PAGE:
DishUp App Takes Visually Appealing Approach to Restaurant Discovery
If a startup could be assembled from a list of things Millennials like, Detroit-based food tech company DishUp might be the result.
DishUp’s food discovery app incorporates the ubiquitous meal close-ups that people love to post on social media sites; users swipe left or right a la Tinder to make their choices; and the DishUp app lets hungry diners search for food based on a pre-set list of “cravings,” like pizza or sushi, that are represented on the app’s screen by emoji-like icons. If fun is what DishUp is after, it seems the company has a good start.
DishUp launched about five months ago, and a beta version of its app has been available in the iOS app store for roughly two months. “We noticed apps for sites like Yelp and Open Table were lacking good, quality visuals,” said Brandon Helderop, DishUp’s co-founder. “So we flipped it upside down to focus our site around the meals and the images of meals.”
As for why DishUp chose to make photographs of food front and center in its app, Helderop said he was inspired by all the food-related Instagram accounts he followed and the restaurant industry’s growing interest in incorporating Facebook, Twitter, and other social media outlets into marketing efforts. With DishUp, users tap on a photo of, say, a grilled cheese, which brings up menu information on that item along with ordering information. Or, on the cravings side of the app, users can click on icons associated with different foods (pizza, burgers, tacos) to find out which restaurants in the chosen category are nearby.
Helderop has known co-founder Josh Donnelly since kindergarten. The two were originally trying to develop a line management app for restaurant kitchens, which eventually evolved into DishUp. “I’m just a huge foodie, and Josh is too,” Helderop said.
They also had a mutual dislike for typical online menu offerings, particularly from huge listing and review sites like Yelp. “You just never knew what you were going to get,” he said. “Sometimes the links didn’t work; sometimes the information was wrong or outdated. So we started thinking, what if you could create a smart menu that helps people decide what to order?”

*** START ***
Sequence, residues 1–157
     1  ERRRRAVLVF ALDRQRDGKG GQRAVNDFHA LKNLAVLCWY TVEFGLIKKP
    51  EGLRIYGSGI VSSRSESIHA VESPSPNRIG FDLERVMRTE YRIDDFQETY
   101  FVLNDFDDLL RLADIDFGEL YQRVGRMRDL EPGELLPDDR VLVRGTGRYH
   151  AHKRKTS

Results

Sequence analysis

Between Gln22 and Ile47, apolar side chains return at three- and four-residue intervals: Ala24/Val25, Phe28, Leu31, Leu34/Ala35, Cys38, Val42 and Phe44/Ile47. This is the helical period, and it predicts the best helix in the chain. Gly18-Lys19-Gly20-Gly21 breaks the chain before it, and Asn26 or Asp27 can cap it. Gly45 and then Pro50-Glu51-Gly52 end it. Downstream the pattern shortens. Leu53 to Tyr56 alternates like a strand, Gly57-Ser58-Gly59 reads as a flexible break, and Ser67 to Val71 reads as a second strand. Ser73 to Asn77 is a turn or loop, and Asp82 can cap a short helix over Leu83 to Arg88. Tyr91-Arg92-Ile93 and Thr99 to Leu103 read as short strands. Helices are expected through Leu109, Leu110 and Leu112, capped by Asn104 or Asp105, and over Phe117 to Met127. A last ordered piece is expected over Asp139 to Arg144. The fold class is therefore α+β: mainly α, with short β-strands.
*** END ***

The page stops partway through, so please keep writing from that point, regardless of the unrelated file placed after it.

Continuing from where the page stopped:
Initially, Helderop said, DishUp curated its photos from social media users. From there, DishUp would contact the restaurants where the curated photos were taken and try to sign them up as a formal client. Today, about 100 restaurants participate in the DishUp app, and most of them now supply their own photos.
DishUp’s inaugural market is within a 50-mile radius of the Motor City, with heavy restaurant representation in downtown Detroit and Royal Oak. The app features restaurants that range from no-frills pizzerias to upscale fine-dining and farm-to-table bistros.
DishUp is considering a number of ways to monetize the app. Helderop imagines a future where users will click on a banner inside the app belonging to a restaurant sponsor and be taken straight to the restaurant’s menu instead of a landing page. DishUp’s creators have also built an application programming interface (API), leaving open the possibility of collaborations someday with Yelp, Open Table, and other restaurant-related apps.
“We’re looking to explore partnerships to integrate our API into their apps,” he explained. “That’s our long-term approach.”
There are currently three people on the DishUp team—all of them co-founders and co-CEOs—and everything so far has been bootstrapped. However, in 2016, Helderop said, he expects to seek outside funding.
DishUp is also considering new features to add to the app in the coming year, including user profiles, coupons, and allowing restaurants to do their own updates or change menus on the fly. The plan is to build up the app in the initial metro Detroit market and then slowly expand to other cities.
“We’re trying to keep up with all the new restaurants opening in Detroit,” Helderop added. “It’s exciting, and we want to piggy-back on the momentum here right now.”